Yes, the deductibles are depressingly high, especially since the mandates aren't that helpful for people on the cusp.  Eg.  My niece, who's gross income is expected to be a mere $27,000 next year faces a monthly premium of over $200 a month, after the small credit she receives, and her deductible will be $4,000, plus she'll have some co-pays.  That means she will end up spending $6400 plus out of the about $21,000 after tax income on healthcare, leaving her with about $1300 a month for evey thing else.

        On the other hand, without the ACA, she'd not have been diagnosed with an illness that, with treatment, will not have a major impact on her life, but that without treatment would have led to her developing lupus in short order, because she'd not have had insurance and not been able to afford the medical care that finally provided her with that diagnosis.  She was able to obtain that through her mother, since she's under 26.  And now, without the ACA, she'd not be able to get insurance at all because of this pre existing condition.

        So, it's a mixed blessing.  It probably saved her life - certainly saved her many, many thousands of dollars in medical expenses she'd have incurred had it developed into lupus.  But it's still at a higher cost than she can truly afford.

        I'd like to see the higher credits for the lower income people, with lower deductibles and copays available to them as well.  If somehow, medical expenses could be limited to a percentage of income for lower income people.  But I'm hoping that's an improvement that will be made as time goes on, but we need to take a positive approach when trying to make these improvements, not these silly attacks talking as though the ACA itself is a total failure.

        •  If she has an illness, she is better off (1+ / 0-)
          Recommended by:

          going with the low deductible you get at the high premium plans.

          My son in the same  position got a platinum plan with just a $1,000 deductible, but that costs him $167 a month, the high end for 29 yr olds in his state/county. Bottom line he will save over $3,000 in routine annual meds needs.

          Did she thoroughly check her platinum plan options? If you are going to burn through a deductible fast, mifght as well hit it early in the year so the insurer pays from then.

          (Also, why is she not getting a subsidy?? It is there up till $45,090 income)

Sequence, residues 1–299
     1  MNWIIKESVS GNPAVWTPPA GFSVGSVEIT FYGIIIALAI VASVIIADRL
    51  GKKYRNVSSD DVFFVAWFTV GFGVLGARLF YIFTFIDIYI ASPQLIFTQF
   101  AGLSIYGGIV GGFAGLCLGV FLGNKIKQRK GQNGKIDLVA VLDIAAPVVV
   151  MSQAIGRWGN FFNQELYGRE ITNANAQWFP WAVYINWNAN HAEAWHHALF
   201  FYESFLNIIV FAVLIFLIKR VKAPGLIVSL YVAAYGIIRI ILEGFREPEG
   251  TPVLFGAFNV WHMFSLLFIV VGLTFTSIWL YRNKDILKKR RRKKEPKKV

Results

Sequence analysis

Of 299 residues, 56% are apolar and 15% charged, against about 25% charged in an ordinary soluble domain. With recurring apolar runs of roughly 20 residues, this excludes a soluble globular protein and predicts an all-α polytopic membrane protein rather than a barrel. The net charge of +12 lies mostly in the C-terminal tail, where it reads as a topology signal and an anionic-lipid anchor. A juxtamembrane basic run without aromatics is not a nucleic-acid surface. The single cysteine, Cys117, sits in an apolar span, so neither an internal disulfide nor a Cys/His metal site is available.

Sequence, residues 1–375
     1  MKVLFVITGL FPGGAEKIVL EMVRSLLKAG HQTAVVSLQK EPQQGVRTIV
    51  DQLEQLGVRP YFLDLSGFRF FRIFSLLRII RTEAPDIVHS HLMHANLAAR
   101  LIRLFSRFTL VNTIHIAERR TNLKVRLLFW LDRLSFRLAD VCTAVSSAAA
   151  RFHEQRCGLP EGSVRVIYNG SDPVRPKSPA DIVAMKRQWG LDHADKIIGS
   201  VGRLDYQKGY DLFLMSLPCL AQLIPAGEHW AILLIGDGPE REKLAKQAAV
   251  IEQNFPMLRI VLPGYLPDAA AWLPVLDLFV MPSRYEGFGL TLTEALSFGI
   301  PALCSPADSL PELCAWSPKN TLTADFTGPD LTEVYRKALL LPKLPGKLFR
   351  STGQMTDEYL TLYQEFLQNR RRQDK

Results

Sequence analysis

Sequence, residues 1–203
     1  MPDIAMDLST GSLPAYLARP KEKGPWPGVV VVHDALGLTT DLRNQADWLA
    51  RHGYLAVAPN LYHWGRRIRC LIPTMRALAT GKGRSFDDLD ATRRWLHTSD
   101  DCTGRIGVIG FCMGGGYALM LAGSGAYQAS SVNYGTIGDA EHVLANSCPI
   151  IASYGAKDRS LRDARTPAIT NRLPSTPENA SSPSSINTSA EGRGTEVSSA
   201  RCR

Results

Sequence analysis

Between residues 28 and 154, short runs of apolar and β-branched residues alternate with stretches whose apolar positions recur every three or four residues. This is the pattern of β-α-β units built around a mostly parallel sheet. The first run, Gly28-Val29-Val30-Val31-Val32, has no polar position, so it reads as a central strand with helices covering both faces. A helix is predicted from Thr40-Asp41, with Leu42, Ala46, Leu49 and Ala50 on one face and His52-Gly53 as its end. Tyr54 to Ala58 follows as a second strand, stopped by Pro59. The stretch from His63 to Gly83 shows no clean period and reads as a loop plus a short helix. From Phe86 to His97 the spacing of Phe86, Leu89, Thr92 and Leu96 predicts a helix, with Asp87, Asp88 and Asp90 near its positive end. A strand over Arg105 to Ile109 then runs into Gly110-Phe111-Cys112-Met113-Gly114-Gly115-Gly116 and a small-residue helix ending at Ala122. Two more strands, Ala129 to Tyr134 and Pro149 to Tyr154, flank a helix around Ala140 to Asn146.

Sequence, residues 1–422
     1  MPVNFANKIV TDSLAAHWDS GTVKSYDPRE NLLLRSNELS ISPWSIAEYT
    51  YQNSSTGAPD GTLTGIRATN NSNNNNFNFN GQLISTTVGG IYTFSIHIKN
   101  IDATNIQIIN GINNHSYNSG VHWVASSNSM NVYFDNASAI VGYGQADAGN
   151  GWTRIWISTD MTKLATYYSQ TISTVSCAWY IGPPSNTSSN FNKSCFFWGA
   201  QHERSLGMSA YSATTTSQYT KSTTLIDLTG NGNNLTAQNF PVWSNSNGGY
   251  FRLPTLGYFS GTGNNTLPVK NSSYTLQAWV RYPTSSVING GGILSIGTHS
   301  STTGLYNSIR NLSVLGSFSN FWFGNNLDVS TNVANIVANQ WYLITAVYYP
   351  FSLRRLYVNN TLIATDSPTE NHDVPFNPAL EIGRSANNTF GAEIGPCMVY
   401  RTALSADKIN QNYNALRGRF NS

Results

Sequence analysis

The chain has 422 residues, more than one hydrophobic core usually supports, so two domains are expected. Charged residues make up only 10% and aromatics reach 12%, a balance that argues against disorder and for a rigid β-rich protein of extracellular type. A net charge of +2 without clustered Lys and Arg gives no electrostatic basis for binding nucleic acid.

•  It's personal (2+ / 0-)
        Recommended by:
        divineorder, wdrath

        I recognize that the ACA is going to be (at least if it works as designed) a very good deal for young people in entry-level jobs and others who find themselves earning in the range of 2xFPL. And it makes health insurance available to people with chronic conditions who couldn't get it at all before--if someone would have had to pay thousands every month to stay alive, it will be great to only have to pay $800 or so.

        The biggest hole in the ACA is not Obama's fault--it was a huge shock when the Supreme Court decide to ignore decades of precedent in terms of the federal government being able to set rules for federally-funded programs. The goal of the ACA to ensure access to healthcare has been dealt a huge blow by the failure to extend Medicaid, which will reportedly leave as many as 7 million poor adults with nothing.

        As for the personal part--I'm one of those whose income falls just above the 4xFPL limit. I realize that I am more fortunate than with lower incomes, in that I can more easily afford food, clothing, shelter, etc., and I'm not like those right wingers who are jealous those with less--I don't enjoy paying taxes, but it sure beats the heck out of living hand to mouth all year and getting a couple of thousand in the spring that goes straight into paying back loans or buying a shitbox (car) that runs to replace the one that doesn't.

        I had hopes of being able to find a plan in the range of $350-400 a month. Not expecting much for that, but it was what I saw on a chart for the high-risk pool (created by the ACA to provide coverage until 2013, vastly undersubscribed from what I heard). Instead, the lowest-cost plan available is $450, has a $6,350 deductible, is limited to my home county and maybe a handful of doctors that doesn't include mine. If I want to keep my doctor I have to go up in price--to at least $500 if I want a plan that might cover me if I'm away from this county for a couple of months. And still with a deductible over $5,000.

        Of course, that's life in the USA these days.